‘That is the behaviour of social distancing, of when you’re indoors making sure there’s good ventilation and hand and surface hygiene. We’ll need to keep these going in the long term and that will probably be good not only for Covid but to reduce other diseases at a time when the NHS is…’

She was cut off by presenter Claudia-Liza Armah who asked her: ‘When you say the long term, what do you mean by that – how long?’

Professor Michie replied: ‘I think forever, to some extent.’ Both the host and the professor laugh at the bizarre suggestion. Later in the programme she was asked if she realistically thought people could continue to live with masks and social distancing.

She said: ‘I think there’s lots of different behaviours we’ve changed in our lives. We now routinely wear seat belts, we didn’t use to. We now routinely pick up dog poo in the park, we didn’t use to. When people see that there is a threat and there is something they can do to reduce that… themselves, their loved ones and their communities, what we see now over this last year is people do that.

‘And I think we can just begin to adopt routines. When we go out of the house we check we’ve got our phone, we’ve got our keys, we’ve got tissues, we’ve got a face mask in case we need to use it.

‘It’s not going to be a huge big deal the kind of changes we’re talking about and I think we also need to think about the way we plan our cities, our transport our lifestyles.

‘Instead of going back to huge long commutes, have more local working hubs where people don’t have to travel so much – good not only for the health, but there environment.’ 

However, others have called for calm, while anti-lockdown Tories have demanded that the Prime Minister stick to his June 21 pledge. Mr Johnson had insisted that the roadmap would be ‘cautious’ and ‘irreversible’.  

NHS bosses say hospitals should be able to cope with surging cases because vaccines have meant fewer infected patients need medical care. Dr Richard Cree, an intensive care consultant in Middlesbrough, today claimed he was confident the third wave won’t mirror the crises seen last spring and in January.

Meanwhile, one virus-tracking scientist even claimed the outbreak could plateau soon because of the combined effect of jabs and warmer summer weather.

In other developments today, Matt Hancock admitted the first lockdown was delayed despite initial warnings over 820,000 deaths because ministers feared Britons would not tolerate the restrictions for long.

In a dramatic evidence session with MPs, the Health Secretary said that as early as January he was presented with a ‘reasonable worst case scenario’ of the huge potential toll, based on Spanish Flu. 

But imposing the draconian first national restrictions did not happen until March 23, with Mr Hancock pointing to expert advice that the public would only ‘put up with it’ for a limited time and concerns about the ‘immediate costs’.

 

The Prime Minister Boris Johnson with his wife Carrie on the beach at the Carbis Bay, Cornwall today, ahead of Friday's G7 summit.

The Prime Minister Boris Johnson with his wife Carrie on the beach at the Carbis Bay, Cornwall today, ahead of Friday’s G7 summit.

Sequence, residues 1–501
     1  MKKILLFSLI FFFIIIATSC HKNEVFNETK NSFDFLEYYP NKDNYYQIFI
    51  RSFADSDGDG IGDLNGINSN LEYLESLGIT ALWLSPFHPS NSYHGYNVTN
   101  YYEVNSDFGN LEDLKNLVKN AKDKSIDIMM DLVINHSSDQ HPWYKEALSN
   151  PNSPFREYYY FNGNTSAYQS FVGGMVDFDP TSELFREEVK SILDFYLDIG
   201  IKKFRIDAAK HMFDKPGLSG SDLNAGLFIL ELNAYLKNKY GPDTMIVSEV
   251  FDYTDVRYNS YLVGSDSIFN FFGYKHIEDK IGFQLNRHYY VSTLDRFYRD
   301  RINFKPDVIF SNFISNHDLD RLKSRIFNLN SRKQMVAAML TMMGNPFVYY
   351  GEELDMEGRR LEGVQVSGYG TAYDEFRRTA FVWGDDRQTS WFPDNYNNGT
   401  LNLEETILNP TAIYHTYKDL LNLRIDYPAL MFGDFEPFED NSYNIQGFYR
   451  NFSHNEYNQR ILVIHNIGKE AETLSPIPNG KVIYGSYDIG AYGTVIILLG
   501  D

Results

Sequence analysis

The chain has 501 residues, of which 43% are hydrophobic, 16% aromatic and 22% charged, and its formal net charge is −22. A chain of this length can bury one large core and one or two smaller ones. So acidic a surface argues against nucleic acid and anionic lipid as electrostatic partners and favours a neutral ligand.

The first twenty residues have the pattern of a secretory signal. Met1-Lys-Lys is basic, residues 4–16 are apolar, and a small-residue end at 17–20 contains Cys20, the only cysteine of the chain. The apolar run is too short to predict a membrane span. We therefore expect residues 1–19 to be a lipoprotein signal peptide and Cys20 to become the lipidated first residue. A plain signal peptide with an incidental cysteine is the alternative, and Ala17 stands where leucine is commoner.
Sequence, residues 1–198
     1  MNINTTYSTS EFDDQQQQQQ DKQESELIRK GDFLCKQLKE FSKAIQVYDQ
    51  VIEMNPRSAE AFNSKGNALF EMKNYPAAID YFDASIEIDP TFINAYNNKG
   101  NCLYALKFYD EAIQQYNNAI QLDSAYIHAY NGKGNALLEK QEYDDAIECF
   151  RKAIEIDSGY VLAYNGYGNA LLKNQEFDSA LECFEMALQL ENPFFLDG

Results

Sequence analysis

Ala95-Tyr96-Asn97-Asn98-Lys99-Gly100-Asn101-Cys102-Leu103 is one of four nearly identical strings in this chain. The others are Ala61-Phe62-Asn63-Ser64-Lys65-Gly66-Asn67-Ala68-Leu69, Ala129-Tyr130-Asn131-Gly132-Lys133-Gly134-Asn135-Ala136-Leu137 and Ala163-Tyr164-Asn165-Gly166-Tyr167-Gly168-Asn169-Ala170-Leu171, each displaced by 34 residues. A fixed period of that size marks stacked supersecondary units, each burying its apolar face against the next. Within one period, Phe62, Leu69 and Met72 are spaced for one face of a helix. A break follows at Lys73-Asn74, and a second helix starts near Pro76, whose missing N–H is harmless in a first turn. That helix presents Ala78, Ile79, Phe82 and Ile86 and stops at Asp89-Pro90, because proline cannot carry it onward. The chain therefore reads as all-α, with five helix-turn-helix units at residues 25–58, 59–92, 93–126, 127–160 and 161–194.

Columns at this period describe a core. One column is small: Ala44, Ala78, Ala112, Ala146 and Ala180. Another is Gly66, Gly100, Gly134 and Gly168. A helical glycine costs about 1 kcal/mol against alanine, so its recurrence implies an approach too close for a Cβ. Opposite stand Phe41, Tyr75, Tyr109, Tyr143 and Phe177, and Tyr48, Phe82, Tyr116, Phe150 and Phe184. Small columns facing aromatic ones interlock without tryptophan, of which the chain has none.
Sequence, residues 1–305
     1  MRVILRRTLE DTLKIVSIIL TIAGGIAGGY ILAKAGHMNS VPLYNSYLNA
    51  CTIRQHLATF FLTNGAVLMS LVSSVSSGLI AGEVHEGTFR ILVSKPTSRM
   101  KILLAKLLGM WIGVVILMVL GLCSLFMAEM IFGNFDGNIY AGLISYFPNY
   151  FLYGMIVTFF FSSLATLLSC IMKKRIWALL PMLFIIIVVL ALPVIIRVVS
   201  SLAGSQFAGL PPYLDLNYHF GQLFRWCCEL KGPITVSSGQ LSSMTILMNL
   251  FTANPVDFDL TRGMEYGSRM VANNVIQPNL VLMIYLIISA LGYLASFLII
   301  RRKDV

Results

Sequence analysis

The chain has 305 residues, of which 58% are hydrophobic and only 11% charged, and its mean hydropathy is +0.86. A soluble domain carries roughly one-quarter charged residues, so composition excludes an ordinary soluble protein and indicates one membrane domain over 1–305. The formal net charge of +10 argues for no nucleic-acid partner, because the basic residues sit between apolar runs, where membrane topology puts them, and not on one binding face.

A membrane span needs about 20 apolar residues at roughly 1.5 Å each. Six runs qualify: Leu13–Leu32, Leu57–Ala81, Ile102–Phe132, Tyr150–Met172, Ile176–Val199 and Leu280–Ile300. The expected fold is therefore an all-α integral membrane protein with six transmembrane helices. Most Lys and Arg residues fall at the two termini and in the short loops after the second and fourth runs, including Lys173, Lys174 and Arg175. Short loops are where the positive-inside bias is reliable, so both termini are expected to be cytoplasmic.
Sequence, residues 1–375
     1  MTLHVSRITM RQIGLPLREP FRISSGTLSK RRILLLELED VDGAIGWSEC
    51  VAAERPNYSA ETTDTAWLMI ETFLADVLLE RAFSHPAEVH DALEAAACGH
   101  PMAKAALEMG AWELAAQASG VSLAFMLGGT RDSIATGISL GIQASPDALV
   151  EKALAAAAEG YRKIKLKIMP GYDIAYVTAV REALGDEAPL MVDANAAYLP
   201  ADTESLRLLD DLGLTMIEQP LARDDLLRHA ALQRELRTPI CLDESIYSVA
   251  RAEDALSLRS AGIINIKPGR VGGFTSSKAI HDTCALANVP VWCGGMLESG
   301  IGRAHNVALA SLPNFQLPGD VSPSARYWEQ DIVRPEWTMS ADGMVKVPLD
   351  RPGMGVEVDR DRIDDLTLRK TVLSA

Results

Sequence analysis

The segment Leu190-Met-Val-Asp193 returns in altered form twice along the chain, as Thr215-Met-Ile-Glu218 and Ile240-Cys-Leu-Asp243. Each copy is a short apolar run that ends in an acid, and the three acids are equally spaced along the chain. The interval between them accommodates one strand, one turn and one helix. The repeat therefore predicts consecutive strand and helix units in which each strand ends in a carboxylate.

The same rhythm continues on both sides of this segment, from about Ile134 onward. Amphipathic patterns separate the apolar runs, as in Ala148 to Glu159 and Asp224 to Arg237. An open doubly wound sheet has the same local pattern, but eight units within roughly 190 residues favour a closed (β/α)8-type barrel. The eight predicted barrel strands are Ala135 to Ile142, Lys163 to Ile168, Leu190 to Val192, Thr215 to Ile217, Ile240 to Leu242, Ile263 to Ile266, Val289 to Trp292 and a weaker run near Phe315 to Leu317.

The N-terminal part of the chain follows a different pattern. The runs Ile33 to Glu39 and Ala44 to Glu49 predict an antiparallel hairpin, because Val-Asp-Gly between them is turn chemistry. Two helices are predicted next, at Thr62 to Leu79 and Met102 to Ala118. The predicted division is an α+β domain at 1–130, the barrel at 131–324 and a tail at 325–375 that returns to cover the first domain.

What are the top 25 Covid ‘hotspots’ according to the ZOE Symptom Study?

1. Stirling

2. Bury 

3. Manchester

4. Rochdale

5. Trafford

6. Bolton 

7. Kirklees 

8. Perth and Kinross 

9. Sunderland

10. Luton

11. South Ayrshire

12. East Lancashire

13. Edinburgh

14. Southwark

15. St Helens

16. Wigan

17. Oldham

18. Renfrewshire

19. West Lothian

20. East Dunbartonshire

21. Aberdeenshire

22. Wrexham

22. Leeds

24. Derby

25. Cheshire

838 cases per 100,000

672 

672 

605

589

553

539

501 

499 

473

453

395

390

379

379

349

345

336

309

297

295

290

290

288

273 

The ZOE Covid Study data suggests cases are higher and increasing faster in the unvaccinated population in the UK. There are currently 1,917 vaccinated people falling ill with the virus every day, compared to just shy of 10,000 unvaccinated people. 

Cases are increasing in both groups, jumping by 89 per cent among vaccinated people. But the rate of growth was quicker among those not yet jabbed (114 per cent).  Scotland and the North West were the worst affected regions in the UK.  

An estimated 3,465 people are now coming down with Covid every day in the North West – in which swathes of the region have been given guidance to combat the Indian variant in hotspots – and 2,446 in Scotland. 

But illness is rising significantly more rapidly in 20- to 29-year-olds than in vaccinated older age groups.

There were more than 400 symptomatic cases per 100,000 people in the cohort, compared to fewer than 50 in over-60s.

Professor Spector said: ‘The Covid situation in the UK has rapidly changed from one of the best performing nations to a nation again struggling with rising cases. 

‘Official confirmed cases are now around 7,500, which is the highest daily figure since late February. However, when you dig into the data, it’s clear that this is an epidemic among the unvaccinated and partially vaccinated populations in the UK and, due to the way vaccines have been rolled out, is largely affecting younger generations.

‘The rapid rise is likely down to two compounding factors; increased social interaction and a newly dominant variant that is much more transmissible. 

‘It’s no surprise that people are becoming fatigued with social distancing after a long 15 months of restrictions, which will only encourage the spread. 

‘The good news is that fully vaccinated people have much greater protection. Vaccines are working and we want to encourage people to exercise caution, especially if they feel at all unwell, until they’ve been fully vaccinated. The race is on to fully vaccinate the whole population to save lives and return to normal life.’ 

Separate Test and Trace figures today showed 25,091 people tested positive for Covid in England at least once in the week to June 2. It is the highest number of people testing positive since the week to March 31.

Data also showed the number of people taking rapid Covid tests has fallen to its lowest level for three months – despite all members of the public being eligible to take two rapid tests a week.